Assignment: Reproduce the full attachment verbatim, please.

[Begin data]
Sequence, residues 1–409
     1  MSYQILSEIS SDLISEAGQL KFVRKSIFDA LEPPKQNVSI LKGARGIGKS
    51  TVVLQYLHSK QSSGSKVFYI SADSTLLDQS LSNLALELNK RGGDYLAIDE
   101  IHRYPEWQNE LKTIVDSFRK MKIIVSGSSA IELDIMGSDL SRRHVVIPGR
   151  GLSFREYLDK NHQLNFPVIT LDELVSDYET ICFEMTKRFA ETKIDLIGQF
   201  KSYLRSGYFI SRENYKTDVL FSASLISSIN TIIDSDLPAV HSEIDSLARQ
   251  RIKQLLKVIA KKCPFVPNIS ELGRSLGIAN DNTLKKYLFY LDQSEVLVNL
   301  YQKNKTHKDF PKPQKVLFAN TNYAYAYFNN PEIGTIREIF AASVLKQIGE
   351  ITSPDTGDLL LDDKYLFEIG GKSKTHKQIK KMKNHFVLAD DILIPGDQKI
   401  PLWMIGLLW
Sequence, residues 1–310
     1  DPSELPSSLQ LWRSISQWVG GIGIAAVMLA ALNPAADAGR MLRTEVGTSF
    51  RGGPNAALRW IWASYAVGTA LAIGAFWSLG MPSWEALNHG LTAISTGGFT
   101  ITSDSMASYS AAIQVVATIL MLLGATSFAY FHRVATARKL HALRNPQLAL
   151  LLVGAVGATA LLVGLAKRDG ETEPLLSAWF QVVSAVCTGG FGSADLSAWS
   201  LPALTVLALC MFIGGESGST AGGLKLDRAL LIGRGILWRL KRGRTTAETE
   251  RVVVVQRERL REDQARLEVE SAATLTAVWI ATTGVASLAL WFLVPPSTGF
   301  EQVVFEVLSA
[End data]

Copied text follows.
Sequence, residues 1–409
     1  MSYQILSEIS SDLISEAGQL KFVRKSIFDA LEPPKQNVSI LKGARGIGKS
    51  TVVLQYLHSK QSSGSKVFYI SADSTLLDQS LSNLALELNK RGGDYLAIDE
   101  IHRYPEWQNE LKTIVDSFRK MKIIVSGSSA IELDIMGSDL SRRHVVIPGR
   151  GLSFREYLDK NHQLNFPVIT LDELVSDYET ICFEMTKRFA ETKIDLIGQF
   201  KSYLRSGYFI SRENYKTDVL FSASLISSIN TIIDSDLPAV HSEIDSLARQ
   251  RIKQLLKVIA KKCPFVPNIS ELGRSLGIAN DNTLKKYLFY LDQSEVLVNL
   301  YQKNKTHKDF PKPQKVLFAN TNYAYAYFNN PEIGTIREIF AASVLKQIGE
   351  ITSPDTGDLL LDDKYLFEIG GKSKTHKQIK KMKNHFVLAD DILIPGDQKI
   401  PLWMIGLLW
Sequence, residues 1–310
     1  DPSELPSSLQ LWRSISQWVG GIGIAAVMLA ALNPAADAGR MLRTEVGTSF
    51  RGGPNAALRW IWASYAVGTA LAIGAFWSLG MPSWEALNHG LTAISTGGFT
   101  ITSDSMASYS AAIQVVATIL MLLGATSFAY FHRVATARKL HALRNPQLAL
   151  LLVGAVGATA LLVGLAKRDG ETEPLLSAWF QVVSAVCTGG FGSADLSAWS
   201  LPALTVLALC MFIGGESGST AGGLKLDRAL LIGRGILWRL KRGRTTAETE
   251  RVVVVQRERL REDQARLEVE SAATLTAVWI ATTGVASLAL WFLVPPSTGF
   301  EQVVFEVLSA